Download Swift Mailer PHP Library

Download it from here https://github.com/swiftmailer/swiftmailer & place it inside your project directory.

Or if you have git installed on your machine, you can always use git clone https://github.com/swiftmailer/swiftmailer inside your project directory. This will create a new directory inside your project. Rename it so that its easy to reference Swift Mailer inside your code. I renamed mine as swiftmailer.

Edit PHP code

Now, with Swift Mailer library in place, edit your PHP script that handles e-mail functionality. Below is the sample code snippet from my GitHub repository’s file.

https://github.com/shashank-ssriva/HowMuchISaved/blob/openshift-version/howmuchisaved/send_feedback_mail.php

You may fork or download my entire project if you so wish 🙂 This version is fully functional and is already hosted on OpenShift (as told in introduction above).

require_once 'swiftmailer/lib/swift_required.php';
      //allow less secured app in Gmail settings for this to work.
      //Also use port 465 and ssl if it doesn't work.
      $transport = Swift_SmtpTransport::newInstance('smtp.gmail.com', 587, "tls")
      ->setUsername('your gmail username')
      ->setPassword('your gmail password');

You can see in the snippet above how you need to organise your Swift Mailer directory. You also need to enter your GMail credentials there.

Test your application

After making changes to the code, fire up your application in a browser & check if you received email from this page or not. Please note the line #22 in above
script. It mentions the email-address where you will be receiving e-mails from your application. Change this to yours if not already done.

That’s it 🙂 If everything has been configured correctly, you will start to receive e-mails from this application. You may use my repository for fully functional application & its code.

Create a Server Health Report (HTML) Using Shell Script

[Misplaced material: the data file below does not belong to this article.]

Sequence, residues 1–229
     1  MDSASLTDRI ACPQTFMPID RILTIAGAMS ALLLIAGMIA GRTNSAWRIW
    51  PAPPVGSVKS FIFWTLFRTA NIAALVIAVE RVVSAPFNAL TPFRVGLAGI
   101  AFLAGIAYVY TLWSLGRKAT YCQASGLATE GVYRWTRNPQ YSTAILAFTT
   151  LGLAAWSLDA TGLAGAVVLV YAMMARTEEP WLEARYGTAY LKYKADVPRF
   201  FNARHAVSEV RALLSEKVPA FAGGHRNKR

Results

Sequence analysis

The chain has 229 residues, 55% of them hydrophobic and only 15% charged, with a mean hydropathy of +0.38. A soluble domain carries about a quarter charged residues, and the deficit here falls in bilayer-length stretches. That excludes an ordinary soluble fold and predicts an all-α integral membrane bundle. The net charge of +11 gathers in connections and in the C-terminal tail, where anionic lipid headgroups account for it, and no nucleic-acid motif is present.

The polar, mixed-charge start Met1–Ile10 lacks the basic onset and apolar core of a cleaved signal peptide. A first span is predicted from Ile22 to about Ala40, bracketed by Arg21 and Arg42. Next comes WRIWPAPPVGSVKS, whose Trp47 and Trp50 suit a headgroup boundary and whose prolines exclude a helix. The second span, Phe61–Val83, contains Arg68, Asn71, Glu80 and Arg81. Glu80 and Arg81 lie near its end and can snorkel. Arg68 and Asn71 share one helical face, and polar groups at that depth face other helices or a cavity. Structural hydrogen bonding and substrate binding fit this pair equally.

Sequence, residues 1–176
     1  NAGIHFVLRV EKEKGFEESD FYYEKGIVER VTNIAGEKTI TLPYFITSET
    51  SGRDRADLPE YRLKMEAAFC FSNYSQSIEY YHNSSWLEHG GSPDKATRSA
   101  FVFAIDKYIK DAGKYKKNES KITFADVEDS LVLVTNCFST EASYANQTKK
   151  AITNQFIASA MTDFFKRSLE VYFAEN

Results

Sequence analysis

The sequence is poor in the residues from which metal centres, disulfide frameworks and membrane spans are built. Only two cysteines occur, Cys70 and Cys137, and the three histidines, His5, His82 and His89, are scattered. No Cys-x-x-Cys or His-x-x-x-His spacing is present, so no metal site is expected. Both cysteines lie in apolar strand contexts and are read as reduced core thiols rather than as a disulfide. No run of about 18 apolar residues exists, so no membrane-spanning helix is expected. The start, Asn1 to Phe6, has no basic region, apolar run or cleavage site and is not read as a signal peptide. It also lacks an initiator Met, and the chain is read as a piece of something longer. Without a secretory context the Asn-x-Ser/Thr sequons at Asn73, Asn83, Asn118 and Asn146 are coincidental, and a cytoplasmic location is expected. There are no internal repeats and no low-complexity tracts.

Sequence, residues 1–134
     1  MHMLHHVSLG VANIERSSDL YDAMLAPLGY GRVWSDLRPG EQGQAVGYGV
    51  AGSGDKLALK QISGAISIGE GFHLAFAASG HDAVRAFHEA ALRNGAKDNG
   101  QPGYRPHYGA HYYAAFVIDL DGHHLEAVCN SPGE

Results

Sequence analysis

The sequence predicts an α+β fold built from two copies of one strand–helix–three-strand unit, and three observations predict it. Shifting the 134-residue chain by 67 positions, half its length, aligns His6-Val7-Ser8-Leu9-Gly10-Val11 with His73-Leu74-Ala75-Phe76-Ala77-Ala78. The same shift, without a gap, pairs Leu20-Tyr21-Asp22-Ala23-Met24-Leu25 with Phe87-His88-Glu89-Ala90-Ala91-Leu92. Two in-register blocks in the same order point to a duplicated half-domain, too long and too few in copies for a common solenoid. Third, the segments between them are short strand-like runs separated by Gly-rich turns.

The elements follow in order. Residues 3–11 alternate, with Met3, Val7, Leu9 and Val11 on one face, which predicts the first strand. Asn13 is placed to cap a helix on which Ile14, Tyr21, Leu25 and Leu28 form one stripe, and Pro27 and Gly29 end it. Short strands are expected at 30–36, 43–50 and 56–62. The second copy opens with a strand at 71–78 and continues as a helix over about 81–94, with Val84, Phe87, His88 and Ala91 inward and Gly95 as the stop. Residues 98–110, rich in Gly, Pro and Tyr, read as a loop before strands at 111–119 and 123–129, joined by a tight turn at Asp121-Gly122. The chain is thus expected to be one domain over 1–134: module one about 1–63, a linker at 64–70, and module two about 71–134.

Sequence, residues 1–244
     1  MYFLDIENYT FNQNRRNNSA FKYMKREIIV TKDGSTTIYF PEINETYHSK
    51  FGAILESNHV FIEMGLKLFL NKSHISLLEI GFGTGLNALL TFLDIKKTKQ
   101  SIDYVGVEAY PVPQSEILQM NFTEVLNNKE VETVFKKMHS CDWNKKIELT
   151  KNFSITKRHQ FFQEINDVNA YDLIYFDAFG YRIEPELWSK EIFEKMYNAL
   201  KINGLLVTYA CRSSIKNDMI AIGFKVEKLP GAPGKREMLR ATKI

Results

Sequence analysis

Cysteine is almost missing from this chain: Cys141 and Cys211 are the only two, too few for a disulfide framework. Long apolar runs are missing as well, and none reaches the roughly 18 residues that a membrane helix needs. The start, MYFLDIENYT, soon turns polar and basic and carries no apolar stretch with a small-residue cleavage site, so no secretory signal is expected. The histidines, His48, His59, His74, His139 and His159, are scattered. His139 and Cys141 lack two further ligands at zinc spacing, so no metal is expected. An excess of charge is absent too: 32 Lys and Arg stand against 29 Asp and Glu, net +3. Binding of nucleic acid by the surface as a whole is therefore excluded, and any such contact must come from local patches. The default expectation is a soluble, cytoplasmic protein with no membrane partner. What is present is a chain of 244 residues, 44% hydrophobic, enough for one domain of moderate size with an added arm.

Shell scripts are insanely powerful & convenient. We all know it 😉 Much of the beauty in shell scripts lies in the way they can be used to automate many aspects of System Administration. As a SysAdmin, you might have been asked to prepare health-reports on a regular basis. Today, I wrote one such script that will generate an HTML health-report containing some vital system information. Lets see how it works 🙂

Lab Description : –

Ubuntu 14.04 Server. Environment : – Bash shell

Instructions : –

Download or clone my GitHub repository from below location.

https://github.com/shashank-ssriva/Linux-Server-HTML-Health-Report-Using-Shell-Script

Place the syshealth.sh file anywhere you want. I prefer keeping it under my home-directory but you may keep it anywhere.

Make it executable (if not already).

You may either run/execute it manually or you may also put it in a CRON job. I have chosen to generate the report twice a day, but its entirely upto you 🙂

Video Tutorial : –

To see the script in action, watch the video below on my YouTube Channel.

Additional Notes : –

I have kept the script & report minimal since I wrote it today only. You may customize it further so as to suit your needs. Sky is the limit 😉